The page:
Imogene Coca, the comedienne who convulsed audiences with laughter on early television’s famous Sid Caesar vehicle, “Your Show of Shows,” and in Broadway’s On the Twentieth Century, for which she was nominated for a Tony Award, died on June 2 in her residence in Fairfield County, Connecticut. She was 92 years old.
Ms. Coca will always be linked in the public imagination with fellow television comic, Sid Caesar, off whom she played from 1950 to 1954. She won that star-making gig after 25 years dancing, singing and clowning on New York stages and in tony nightclubs. The daughter of Sadie Brady, a magician's assistant, and Joseph Fernandez de Coca, a violin soloist and conductor for orchestras in Philadelphia, Atlantic City and for the Keith/Albee vaudeville circuit, Imogene was performing by the age of 15, finding work at Jimmy Durante's Silver Slipper club in Manhattan. She would later appear in such night spots as Cafe Society in Greenwich Village and Reubon Blue.
She made her Broadway debut in When You Smile, starring Jeanette MacDonald. She also performed in The Garrick Gaities (1930), Shoot the Works (1931), Flying Colors (1932), Dime a Dance (1937) and Straw Hat Revue (1939).
Producer Leonard Sillman cast her in New Faces of 1934. Sensing her comic potential, he had her and fellow newcomer Henry Fonda do comedy routines in front of the curtain during scene changes. Critics hailed what Sillman had seen in the actress and Ms. Coca’s career as a funny woman was launched. It wouldn’t be until 15 years later, however, that television producer Max Liebman would draft her for the show that became “Your Show of Shows,” and Ms. Coca would became a familiar, mugging face to millions of Americans.
Ms. Coca would remain in contact with Caesar over the years. She co-stared in the CBS television special "The Sid Caesar-Imogene Coca-Carl Reiner-Howard Morris Show," which won eleven Emmy Awards. And, in 1990 she and Caesar reunited in honor of the 40th anniversary of "Your Show of Shows" by opening in New York at Michael's Pub for an 16-week stay. They then toured the country for several years. Following her initial television success, Ms. Coca returned to the stage, appearing in Janus with Robert Preston, and in The Girls in 509. In the latter, she met her second husband, King Donovan. Together, they acted in more than 30 shows, including Plaza Suite, The Rivals, The Fourposter, Cabaret, You Know I Can’t Hear You When the Water’s Running and The Gin Game.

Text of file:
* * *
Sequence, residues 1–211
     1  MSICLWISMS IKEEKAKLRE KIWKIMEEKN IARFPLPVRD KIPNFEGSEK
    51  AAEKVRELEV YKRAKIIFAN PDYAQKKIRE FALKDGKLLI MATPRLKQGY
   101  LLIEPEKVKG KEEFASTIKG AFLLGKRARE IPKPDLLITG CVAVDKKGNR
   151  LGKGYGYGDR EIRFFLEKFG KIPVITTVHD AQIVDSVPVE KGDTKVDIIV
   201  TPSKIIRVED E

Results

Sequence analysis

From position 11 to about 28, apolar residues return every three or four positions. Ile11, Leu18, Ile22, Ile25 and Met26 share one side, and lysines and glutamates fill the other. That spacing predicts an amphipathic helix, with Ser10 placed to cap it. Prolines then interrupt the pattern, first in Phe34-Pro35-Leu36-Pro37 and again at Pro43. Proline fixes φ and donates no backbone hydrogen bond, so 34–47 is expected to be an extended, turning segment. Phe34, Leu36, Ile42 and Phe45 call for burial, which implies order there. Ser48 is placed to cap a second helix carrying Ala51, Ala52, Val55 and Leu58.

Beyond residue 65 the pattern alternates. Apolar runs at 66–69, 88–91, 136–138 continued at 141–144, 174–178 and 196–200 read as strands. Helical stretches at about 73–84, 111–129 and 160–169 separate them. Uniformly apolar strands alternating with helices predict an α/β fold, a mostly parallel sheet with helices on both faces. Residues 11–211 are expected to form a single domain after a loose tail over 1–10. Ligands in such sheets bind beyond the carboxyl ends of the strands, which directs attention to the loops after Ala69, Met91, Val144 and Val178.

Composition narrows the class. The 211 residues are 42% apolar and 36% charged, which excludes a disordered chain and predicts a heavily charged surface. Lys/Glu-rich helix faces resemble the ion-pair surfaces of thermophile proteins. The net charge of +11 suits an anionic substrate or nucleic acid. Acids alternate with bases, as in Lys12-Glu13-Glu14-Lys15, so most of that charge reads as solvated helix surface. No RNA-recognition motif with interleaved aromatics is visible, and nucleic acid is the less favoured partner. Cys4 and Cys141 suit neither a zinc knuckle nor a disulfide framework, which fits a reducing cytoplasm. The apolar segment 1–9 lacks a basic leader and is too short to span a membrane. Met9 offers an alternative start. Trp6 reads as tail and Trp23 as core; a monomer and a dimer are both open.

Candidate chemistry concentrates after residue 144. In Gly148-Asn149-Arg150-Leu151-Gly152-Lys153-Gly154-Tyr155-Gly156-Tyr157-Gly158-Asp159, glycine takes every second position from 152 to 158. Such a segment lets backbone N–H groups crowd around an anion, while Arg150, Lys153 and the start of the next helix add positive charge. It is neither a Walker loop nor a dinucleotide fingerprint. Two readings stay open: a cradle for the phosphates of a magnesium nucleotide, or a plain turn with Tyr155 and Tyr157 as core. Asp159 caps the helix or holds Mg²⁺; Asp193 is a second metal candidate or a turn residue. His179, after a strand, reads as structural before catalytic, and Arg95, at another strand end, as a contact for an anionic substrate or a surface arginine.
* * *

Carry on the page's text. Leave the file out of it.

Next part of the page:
She is best remembered by contemporary audiences for her turn in 1978’s On the Twentieth Century, a musical version of the play, Twentieth Century, set aboard the luxury liner locomotive of the 1930s. She played a religious fanatic named Letitia Primrose (it was a male role in the original play). She won a Tony nomination and the Los Angeles Drama Critics Circle Award for her work. A decade later she played Primrose (again singing the comic-puritanical song, "Repent") in a bus and truck tour of the Comden-Green-Coleman tuner, with Judy Kaye, Frank Gorshin and her husband.
At Miss Coca's request, there will not be a funeral service. Donations in her memory may be made to the Imogene Coca Charitable Foundation c/o Price Financial Group, 37 North Avenue, Norwalk, CT 06851.